This month, the Happen’s Kid Critics get a second look at one of the primary names in horror – Stephen King – thanks to this 2006 TNT mini-series adaptation of Nightmares and Dreamscapes his short story collection. As most adult readers (as well as film and television audiences) know, King is the living master of supernatural and psychological horror, with a role call of novels (Carrie, Cujo, The Shining, and Misery to name a few) that have become cultural touchstones as a result of a plethora of adaptations. To introduce the Kid Critics to our latest installment in this series, I posed a couple of key questions. The first, if you could change any one thing about the world, what would it be? And the follow-up question was, what would be the negative consequences of your proposed change? “The End of the Whole Mess” presents the story of filmmaker Howard Fornoy (Ron Livingston) who documents the tragic journey of his genius-level younger brother Robert (Henry Thomas), after he attempts to use his great intellect to solve a major global and societal challenge. The critics tackled this “Mess” with sharp insight.
Different from all the monster horror, this film focuses on the horrors that some people may be living. It points out all the problems of today and puts them into a long, depressing, boring mess. The film focuses so much on the messages it forgets to make it interesting for the audience.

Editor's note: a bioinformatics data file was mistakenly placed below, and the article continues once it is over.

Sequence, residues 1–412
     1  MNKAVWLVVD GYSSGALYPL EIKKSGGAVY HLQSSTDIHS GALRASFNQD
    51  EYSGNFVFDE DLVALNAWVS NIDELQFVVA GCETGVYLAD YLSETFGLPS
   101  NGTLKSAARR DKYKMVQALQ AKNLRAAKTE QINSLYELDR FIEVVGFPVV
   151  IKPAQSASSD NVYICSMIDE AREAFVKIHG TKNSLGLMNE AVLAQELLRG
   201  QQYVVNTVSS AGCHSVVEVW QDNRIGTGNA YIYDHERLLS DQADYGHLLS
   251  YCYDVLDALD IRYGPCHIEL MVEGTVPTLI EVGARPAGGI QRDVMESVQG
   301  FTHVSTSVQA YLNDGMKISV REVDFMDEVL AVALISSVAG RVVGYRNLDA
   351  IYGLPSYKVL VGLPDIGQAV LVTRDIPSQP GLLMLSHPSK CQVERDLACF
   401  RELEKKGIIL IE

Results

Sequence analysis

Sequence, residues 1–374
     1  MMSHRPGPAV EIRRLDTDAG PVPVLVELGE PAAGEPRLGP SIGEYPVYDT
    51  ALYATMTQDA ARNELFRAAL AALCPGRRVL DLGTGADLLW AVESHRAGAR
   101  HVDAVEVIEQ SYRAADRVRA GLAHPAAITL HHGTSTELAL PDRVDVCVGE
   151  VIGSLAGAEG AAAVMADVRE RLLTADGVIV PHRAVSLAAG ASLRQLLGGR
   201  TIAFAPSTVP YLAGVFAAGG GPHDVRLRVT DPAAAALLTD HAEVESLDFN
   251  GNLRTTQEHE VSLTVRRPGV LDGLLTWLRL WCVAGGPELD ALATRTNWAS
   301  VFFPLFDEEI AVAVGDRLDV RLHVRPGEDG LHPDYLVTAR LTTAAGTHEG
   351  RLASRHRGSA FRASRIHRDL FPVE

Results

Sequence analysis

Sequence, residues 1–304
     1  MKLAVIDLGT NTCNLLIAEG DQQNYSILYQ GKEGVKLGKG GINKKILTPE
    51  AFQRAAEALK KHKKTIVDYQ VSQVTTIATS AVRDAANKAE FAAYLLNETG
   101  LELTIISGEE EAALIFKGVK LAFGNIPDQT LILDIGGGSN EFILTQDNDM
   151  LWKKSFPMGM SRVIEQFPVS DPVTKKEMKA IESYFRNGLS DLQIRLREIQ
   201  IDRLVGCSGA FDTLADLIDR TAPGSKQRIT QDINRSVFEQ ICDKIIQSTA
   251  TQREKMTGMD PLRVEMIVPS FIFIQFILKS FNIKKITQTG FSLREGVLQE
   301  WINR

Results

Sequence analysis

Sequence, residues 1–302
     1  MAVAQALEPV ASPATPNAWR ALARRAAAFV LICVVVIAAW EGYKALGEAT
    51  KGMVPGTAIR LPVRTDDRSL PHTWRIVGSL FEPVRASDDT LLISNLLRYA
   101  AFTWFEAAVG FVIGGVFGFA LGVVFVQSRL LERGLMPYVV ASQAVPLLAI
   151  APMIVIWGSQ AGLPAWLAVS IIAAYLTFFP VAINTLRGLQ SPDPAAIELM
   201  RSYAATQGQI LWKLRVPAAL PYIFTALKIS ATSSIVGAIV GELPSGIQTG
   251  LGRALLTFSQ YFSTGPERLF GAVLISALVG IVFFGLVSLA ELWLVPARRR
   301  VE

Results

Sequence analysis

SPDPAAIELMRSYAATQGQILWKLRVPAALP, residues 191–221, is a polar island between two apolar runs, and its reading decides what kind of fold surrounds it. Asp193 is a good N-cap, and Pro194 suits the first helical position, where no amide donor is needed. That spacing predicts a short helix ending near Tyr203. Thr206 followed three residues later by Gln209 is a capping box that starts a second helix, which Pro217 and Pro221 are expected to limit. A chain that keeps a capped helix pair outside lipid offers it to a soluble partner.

“The End of the Whole Mess” centers on humanity’s flaws and how the greatest danger is often the one that lies within human nature. The story centers on two brothers, one a genius, the other a prodigious filmmaker who grew up amongst a world of violence, pain and cruelty, and who work together to create world peace, unaware of the consequences it will bring about. The actors, soundtrack, and visual effects all work together to make you feel like everybody is doomed. Nevertheless, I found the movie worth watching and I came away from it depressed but glad that someone out there knows that happy endings aren’t always satisfying.
This film is interesting and dark. It makes you think about humanity on a more personal level – for example with all the violence and war now what would happen if it all ended and what the consequences be. While gloomy and morose, the film is also about hope and love between the two brothers, with guilt playing a part as well.